Monday, January 28, 2013

Modest improvement in capital goods orders


December capital goods orders exceeded expectations (+0.2% vs. -0.2%), and November orders were revised up a bit (+3.0% vs. +2.7%). This proxy for business investment has now reversed over half of the decline that occurred from December through July, and thus the threat of an investment-led slump in the economy has receded significantly. Businesses are not going on strike, but they remain cautious. As of the third quarter last year, after-tax corporate profits were up 30% from their pre-recession peak, yet capital goods orders are still 9% below their pre-recession peak. Business' lack of confidence in the future—as manifested in a reluctance to invest in line with gains in profits—is one of the main factors restraining the growth of the economy.

Shipments of capital goods have risen for the past three months, and so this component of GDP will be positive in the fourth quarter, after subtracting in the third quarter. It's not a whole lot to be excited about, but it is a positive change on the margin, and when a number of those add up, the economic outlook continues to improve, albeit gradually.

Durable goods orders, meanwhile, reached a new post-recession high in December, and are only 5% shy of their pre-recession peak.

4 comments:

Gloeschi said...

Doug Short has a little different take on the numbers. Adjusted for inflation and population growth we are 42% off the peak: http://advisorperspectives.com/dshort/updates/Durable-Goods-Real-Per-Capita.php

Joseph Constable said...

What is needed is animal spirits. Printing money to finance government bonds to give money to the central government to spend doesn't do a good job at that. The only really good way to increase velocity is to increase the money supply through loans to businesses and households. But you can't do that directly. You have to create conditions for that. The money going into the economy from government spending is not volunatry. Borrowing is voluntary and represents confidence and a better future.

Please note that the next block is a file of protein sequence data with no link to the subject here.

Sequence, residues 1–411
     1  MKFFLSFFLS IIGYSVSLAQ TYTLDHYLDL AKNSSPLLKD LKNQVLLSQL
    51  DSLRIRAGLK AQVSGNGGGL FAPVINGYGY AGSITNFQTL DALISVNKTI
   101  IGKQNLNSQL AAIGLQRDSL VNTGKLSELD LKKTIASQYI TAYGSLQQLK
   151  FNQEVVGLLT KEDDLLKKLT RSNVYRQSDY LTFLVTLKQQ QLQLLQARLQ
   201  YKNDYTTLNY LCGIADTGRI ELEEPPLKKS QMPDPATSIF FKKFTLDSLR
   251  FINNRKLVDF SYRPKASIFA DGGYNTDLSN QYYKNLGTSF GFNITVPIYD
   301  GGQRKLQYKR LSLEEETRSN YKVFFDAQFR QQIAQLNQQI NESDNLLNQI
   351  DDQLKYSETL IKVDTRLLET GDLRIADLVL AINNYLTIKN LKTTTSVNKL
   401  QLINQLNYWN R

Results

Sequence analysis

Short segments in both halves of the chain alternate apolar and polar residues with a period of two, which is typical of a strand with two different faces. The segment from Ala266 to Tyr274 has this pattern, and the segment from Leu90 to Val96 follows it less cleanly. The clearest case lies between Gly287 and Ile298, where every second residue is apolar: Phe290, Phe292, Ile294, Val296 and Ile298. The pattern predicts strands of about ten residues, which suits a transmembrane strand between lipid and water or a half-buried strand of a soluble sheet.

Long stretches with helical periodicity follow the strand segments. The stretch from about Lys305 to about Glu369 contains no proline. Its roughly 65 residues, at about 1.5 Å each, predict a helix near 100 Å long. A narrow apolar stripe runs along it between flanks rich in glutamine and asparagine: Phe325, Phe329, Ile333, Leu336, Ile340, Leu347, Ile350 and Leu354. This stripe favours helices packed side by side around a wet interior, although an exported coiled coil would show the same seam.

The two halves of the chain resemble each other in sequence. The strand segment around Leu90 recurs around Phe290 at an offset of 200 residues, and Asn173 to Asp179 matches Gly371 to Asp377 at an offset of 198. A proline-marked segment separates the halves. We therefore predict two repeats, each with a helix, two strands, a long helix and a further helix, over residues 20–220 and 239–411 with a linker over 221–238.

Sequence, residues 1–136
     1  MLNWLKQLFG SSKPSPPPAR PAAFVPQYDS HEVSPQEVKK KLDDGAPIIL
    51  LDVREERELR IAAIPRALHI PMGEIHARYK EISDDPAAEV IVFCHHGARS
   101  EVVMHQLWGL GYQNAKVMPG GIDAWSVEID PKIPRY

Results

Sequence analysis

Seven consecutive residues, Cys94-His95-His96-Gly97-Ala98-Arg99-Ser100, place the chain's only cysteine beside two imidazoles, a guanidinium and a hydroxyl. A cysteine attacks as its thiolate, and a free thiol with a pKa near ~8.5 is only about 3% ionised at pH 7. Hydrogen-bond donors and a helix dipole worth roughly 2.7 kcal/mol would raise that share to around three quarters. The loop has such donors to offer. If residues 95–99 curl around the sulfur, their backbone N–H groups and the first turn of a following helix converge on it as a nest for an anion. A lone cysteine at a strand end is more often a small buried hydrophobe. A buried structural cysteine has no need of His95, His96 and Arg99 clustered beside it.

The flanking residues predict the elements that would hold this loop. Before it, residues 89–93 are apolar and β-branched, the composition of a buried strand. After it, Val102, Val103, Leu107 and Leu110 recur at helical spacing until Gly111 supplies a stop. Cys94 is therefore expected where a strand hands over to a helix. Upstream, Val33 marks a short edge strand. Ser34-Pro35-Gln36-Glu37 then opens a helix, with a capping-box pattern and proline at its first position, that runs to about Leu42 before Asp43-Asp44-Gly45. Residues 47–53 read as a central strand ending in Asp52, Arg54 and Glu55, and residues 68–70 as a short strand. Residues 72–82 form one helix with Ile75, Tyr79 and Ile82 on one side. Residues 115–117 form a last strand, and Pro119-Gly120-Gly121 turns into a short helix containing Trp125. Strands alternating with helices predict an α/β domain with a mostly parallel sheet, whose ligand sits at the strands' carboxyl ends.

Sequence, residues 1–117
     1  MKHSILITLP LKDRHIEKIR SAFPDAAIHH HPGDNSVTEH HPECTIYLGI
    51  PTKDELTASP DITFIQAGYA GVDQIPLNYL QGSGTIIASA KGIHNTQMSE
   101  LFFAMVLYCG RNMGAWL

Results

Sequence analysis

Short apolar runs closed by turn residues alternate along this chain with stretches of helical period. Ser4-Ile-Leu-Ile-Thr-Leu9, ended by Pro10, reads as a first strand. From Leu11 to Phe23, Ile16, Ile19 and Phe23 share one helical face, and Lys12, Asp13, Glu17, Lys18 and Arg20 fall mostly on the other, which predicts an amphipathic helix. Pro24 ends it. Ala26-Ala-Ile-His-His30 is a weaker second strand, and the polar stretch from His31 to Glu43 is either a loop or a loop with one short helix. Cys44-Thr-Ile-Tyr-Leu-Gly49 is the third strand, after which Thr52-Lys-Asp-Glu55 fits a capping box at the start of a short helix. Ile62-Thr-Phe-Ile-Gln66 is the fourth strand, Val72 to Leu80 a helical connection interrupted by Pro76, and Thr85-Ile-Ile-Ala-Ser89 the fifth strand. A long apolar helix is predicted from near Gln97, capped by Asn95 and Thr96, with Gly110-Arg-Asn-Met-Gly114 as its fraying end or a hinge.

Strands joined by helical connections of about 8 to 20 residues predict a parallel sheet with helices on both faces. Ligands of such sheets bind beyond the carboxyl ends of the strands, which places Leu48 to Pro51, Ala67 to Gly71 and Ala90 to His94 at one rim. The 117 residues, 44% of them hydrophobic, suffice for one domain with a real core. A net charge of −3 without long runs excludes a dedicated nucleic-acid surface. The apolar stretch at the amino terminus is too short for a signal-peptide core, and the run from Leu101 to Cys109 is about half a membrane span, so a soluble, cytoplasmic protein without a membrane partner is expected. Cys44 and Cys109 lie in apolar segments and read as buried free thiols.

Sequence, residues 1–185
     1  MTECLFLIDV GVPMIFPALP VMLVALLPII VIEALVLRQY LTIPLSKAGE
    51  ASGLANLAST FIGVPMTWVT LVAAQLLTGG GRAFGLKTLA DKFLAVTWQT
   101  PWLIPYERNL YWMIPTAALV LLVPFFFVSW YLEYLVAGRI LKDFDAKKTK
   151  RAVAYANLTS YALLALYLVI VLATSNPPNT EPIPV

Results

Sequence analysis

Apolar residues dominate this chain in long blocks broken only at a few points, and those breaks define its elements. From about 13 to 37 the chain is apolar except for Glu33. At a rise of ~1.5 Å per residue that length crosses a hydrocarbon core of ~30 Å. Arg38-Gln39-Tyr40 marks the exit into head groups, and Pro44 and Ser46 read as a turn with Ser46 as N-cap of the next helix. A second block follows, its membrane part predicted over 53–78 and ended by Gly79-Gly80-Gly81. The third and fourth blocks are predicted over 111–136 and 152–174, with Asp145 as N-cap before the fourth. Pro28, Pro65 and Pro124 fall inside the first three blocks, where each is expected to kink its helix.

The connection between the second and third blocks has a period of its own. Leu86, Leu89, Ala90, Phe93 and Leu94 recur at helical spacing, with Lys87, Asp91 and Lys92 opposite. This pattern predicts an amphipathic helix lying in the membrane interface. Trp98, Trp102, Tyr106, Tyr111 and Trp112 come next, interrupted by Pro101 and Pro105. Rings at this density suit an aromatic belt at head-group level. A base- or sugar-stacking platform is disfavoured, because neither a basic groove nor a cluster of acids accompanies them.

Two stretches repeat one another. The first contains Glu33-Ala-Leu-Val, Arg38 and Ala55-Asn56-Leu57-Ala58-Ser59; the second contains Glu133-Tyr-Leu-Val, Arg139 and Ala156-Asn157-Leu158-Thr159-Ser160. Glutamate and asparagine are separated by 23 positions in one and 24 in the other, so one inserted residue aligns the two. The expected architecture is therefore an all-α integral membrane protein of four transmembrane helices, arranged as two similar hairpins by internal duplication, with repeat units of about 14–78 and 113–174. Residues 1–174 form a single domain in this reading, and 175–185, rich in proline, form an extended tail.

How excited is our economy going to get when the majority only talks about equalitarianism, control, and death by global warming.

Joseph Constable said...

What is bad about Doug Short’s chart is that his adjusted capex is down for the last year and down to a point two and a half years ago.

Inflation will solve this? I think they will have to push inflation up high to get people to involuntarily start borrowing and spending. With all the inflation protection in wages, contracts, social security, anything the government is involved in, I don’t see anything except more whining, complaining, protesting, if not rioting, about how unevenly the benefits of inflation protection are distributed. Minorities, women, disabled all crying the blues. Union workers going on strike all over the place. Doctors forming unions. Transportation workers shutting down their systems. Hospitals shutting down from nurses striking. Supply chains a mess. Purchasing agents having to give kick backs to suppliers. School teachers striking. In the meantime, the nonsupervisory wage earner gets clobbered, gets divorced, and has to go on welfare. Crime, alcohol and drug abuse will go up under inflation. ‘It’s Not Fair’ will become the title of the new national anthem.

Dr William J McKibbin said...

What the American economy needs is not more financial capital (e.g., money), but more intellectual capital. World-class skills are selling for premium wages on global markets today. Conversely, less than world-class skills are selling for diminishing wages in today's global markets. Said another way, wages are regressing to global norms. The global norm for manufacturing work is about $20/day, which is where American manufacturing wages are headed (and which is ironically, good for the US economy). Conversely, those with world-class skills (e.g., movie stars, professional athletes, physicians, top research scientists, glamour models, etc.) are enjoying premium wages. The best advice to people that one can provide is to do whatever is required to escape the 99% crowd (anyone earning less than about $300,000-$500,000 annually and/or with a net worth of less than about $5-10 million) and to join the 1% club of "millionaires and billionaires" who are experiencing improving standards of living. Set your personal skills bar very high, and do the work required to qualify for world-class skills training. There's no looking back. Poor people (anyone earning less than about $300,000-$500,000 annually and/or with a net worth of less than about $5-10 million) are in for hard times during the 21st century. Career complacency is the number one problem confronting most Americans today. Now is the time to acquire world-class skills that earn premium wages that convert into dividend and rent-earning equities over a lifetime. Make the commitment starting right now, before it's too late!